The novel opens with suspended Chief Inspector Bashir “Bish” Ortley receiving a telephone call informing him that his daughter, Bee, has been caught up in th
The book begins a boom literally: a school bus with high school students explodes in a parking lot in France. A suspended British Metropolitan cop Bashir Bish rushes to the scene because his daughter was on the bus. Also on the bus was a 17-year old Arabic girl, Violette Zidane, who turns out to be the daughter of a notorious bomber. When she and a 13-year old boy disappear, they become the primary suspects. Bish is asked by the Home Secretary to find the pair and solve the heinous crime. The bo ...more
Feb 07, 2017 rated it really liked it

***3.75 STARS***

Tell the Truth, Shame the Devil was a book my sister bought randomly one day. Then one morning she chucked it on my bed and said “You need to read this, I was up until 1am finishing it!”. So I moved it to the top of my TBR list. Now, my sister and I have VERY different reading tastes but I thought I’d give this one a chance.

This book follows Bish Ortley who is/was an inspector for the London Met. He was suspended due to an alcohol problem but soon after a busload of British kids
Nov 21, 2016 rated it it was amazing  ·  review of another edition
Tragic yet hopeful... my emotions are all over the place. Marchetta never disappoints. Once again Melina Marchetta delivers a profound and brilliant story that is both spell-binding and powerful.

Tell the Truth, Shame the Devil reads like a movie script in the best possible way. Each scene is depicted so vividly that you’re effortlessly immersed in the moment, and you suddenly lose track of time. This book will definitely land in my top five for 2016.

As with her other novels, Melina Marchetta h
Feb 02, 2018 rated it really liked it
one of my favourite authors praised this book, and i am so relieved to find that i was not disappointed. i keep forgetting how much i enjoy mystery/thriller, so this was pleasant read on all fronts. also, i now feel as if i made a terrible career choice and missed out on the amazing adventures of criminal investigation. its not too late to change, right? RIGHT?!

3.5 stars
Jun 03, 2015 rated it it was amazing
Shelves: adult-lit
im going to put my reaction in spoilers because i don't want to ruin anything about this (view spoiler) ...more
Heather *Undercover Goth Queen*
This isn't really my genre. And I knew that going in, but it seemed different than what Marchetta usually does, so I wanted to check it out.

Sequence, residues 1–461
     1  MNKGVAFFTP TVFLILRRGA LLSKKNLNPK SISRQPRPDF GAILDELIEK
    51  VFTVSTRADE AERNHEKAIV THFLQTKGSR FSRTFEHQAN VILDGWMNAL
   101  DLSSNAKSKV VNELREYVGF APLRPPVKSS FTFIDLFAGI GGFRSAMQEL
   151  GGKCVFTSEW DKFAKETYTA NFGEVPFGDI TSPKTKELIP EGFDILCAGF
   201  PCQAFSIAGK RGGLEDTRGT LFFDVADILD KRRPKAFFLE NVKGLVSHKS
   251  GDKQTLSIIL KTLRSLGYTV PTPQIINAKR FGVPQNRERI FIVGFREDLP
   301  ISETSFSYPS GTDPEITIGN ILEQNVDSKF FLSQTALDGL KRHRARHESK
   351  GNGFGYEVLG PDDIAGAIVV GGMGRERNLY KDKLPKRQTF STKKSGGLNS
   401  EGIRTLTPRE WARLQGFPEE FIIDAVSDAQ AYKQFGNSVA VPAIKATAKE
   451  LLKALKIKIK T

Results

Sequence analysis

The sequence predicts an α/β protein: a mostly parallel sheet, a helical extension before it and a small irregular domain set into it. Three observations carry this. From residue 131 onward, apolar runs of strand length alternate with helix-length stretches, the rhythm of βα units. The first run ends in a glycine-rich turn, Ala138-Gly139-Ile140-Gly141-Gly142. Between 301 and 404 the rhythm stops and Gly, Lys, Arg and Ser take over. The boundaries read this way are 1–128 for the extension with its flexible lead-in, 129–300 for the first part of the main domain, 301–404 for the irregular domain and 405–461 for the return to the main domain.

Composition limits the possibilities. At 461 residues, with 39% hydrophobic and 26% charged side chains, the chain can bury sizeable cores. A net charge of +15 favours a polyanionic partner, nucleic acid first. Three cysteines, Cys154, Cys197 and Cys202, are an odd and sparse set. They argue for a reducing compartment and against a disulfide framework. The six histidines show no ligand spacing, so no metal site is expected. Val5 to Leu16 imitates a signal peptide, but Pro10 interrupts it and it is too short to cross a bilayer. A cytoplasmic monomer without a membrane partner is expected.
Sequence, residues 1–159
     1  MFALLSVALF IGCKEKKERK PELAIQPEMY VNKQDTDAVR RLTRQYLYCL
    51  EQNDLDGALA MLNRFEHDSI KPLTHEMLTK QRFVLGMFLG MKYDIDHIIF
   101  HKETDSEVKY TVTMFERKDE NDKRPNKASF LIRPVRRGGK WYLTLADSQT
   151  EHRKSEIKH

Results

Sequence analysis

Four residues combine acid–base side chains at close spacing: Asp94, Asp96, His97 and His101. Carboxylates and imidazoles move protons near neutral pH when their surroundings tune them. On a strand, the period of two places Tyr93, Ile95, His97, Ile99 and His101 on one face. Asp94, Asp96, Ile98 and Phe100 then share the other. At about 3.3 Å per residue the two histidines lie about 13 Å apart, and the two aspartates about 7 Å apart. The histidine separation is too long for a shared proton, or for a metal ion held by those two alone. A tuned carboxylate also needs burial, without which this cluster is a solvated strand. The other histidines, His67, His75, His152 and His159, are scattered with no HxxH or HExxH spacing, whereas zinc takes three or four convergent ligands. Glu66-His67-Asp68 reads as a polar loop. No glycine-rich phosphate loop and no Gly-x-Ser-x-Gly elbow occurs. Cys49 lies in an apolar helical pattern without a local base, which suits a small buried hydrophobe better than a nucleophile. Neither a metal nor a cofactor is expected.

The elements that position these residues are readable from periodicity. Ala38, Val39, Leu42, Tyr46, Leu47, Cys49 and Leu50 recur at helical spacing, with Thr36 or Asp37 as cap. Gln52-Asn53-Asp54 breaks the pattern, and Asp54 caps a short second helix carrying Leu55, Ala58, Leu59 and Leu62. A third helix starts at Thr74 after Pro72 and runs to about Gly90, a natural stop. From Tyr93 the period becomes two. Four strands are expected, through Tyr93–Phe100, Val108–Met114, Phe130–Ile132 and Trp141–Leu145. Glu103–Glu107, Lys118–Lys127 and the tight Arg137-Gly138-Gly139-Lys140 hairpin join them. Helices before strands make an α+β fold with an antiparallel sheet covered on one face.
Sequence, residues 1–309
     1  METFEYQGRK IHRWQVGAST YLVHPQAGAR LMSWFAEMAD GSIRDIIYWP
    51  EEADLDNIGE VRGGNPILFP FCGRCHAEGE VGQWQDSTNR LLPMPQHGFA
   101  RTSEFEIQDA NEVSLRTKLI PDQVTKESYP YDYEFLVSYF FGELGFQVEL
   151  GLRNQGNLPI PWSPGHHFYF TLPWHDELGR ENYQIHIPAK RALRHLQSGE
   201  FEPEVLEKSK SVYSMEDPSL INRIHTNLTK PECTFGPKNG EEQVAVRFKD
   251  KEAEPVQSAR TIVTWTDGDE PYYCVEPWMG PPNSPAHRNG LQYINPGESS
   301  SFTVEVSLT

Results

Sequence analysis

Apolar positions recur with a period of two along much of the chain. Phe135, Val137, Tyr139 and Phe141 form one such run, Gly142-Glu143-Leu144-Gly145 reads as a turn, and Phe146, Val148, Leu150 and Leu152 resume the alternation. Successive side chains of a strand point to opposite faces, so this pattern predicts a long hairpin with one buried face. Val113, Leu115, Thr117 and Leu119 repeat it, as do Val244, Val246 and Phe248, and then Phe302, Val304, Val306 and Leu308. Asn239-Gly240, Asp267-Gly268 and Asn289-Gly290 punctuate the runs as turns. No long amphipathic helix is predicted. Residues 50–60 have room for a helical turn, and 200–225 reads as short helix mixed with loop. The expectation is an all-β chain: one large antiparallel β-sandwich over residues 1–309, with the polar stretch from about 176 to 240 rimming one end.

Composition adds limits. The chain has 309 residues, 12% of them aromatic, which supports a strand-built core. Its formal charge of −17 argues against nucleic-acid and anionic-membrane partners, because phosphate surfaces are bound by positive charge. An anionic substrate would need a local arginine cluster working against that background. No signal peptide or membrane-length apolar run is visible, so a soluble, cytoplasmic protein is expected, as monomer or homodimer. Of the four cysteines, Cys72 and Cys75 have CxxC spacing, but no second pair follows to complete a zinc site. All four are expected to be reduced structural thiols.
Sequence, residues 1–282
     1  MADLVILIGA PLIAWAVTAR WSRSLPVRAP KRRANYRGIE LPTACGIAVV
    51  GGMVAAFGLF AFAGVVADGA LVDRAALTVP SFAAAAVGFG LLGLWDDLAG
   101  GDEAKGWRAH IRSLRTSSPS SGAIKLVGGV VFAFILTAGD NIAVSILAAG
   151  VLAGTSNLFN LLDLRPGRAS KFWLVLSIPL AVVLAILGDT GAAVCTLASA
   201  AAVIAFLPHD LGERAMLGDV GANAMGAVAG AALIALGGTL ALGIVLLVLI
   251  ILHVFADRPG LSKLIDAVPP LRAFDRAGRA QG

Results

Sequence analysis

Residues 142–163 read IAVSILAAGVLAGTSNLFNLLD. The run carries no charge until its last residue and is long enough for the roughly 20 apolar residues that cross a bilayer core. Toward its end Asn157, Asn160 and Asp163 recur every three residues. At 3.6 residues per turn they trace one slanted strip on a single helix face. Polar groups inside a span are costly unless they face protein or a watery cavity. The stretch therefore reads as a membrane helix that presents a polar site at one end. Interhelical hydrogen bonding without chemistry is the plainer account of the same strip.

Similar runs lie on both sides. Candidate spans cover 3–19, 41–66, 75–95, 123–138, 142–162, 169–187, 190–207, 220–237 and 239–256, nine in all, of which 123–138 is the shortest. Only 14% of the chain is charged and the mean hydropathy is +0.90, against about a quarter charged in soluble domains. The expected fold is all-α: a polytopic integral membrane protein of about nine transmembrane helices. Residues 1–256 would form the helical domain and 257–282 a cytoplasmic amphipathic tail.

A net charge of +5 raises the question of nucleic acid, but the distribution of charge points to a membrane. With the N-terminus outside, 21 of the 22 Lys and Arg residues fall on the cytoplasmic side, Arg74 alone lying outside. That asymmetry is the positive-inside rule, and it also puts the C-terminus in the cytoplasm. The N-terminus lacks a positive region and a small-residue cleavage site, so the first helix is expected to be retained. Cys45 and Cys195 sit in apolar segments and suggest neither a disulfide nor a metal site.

I don't think anyone could have done this story better than her simply because of the level of character development present. There were so many characters with complicated, convoluted relationships, and no one can write relationships like Marchetta can. Yet here there were too many. I didn't quite feel attached to any of them, since they all played relative
Dec 01, 2014 marked it as to-read  ·  review of another edition
"Marchetta's new book will be called, 'Shaming the Devil'. It's not based in Australia and it's not based in the US. It's also not a YA novel and it was labelled by her agent as a 'literary-thriller'. I would describe the plot but the details are lost on me now and I don't want to make a mistake."(x)



(y quizás haya libro de JIMMY HAILER. FREAKING. JIMMY. HAILER)


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Melina Marchetta was born in Sydney Australia. Her first novel, Looking For Alibrandi was awarded the Children's Book Council of Australia award in 1993 and her second novel, Saving Francesca won the same award in 2004. Looking For Alibrandi was made into a major film in 2000 and won the Australian Film Institute Award for best Film and best adapted screen play, also written by the author. On the ...more

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“And there it was. That slight lisp. That awful accent. That funny face that made him ache. Charlie wasn't just a cheat. He was a liar as well. Because Violette Zidane wasn't just the girl he was shagging, like he told the cop. She sort of owned his heart a little. Kind of a lot.” 4 likes
“And Bish thought it strange that seventeen-year-old girls who had sex with idiot boys could still cry like babies for their fathers.” 2 likes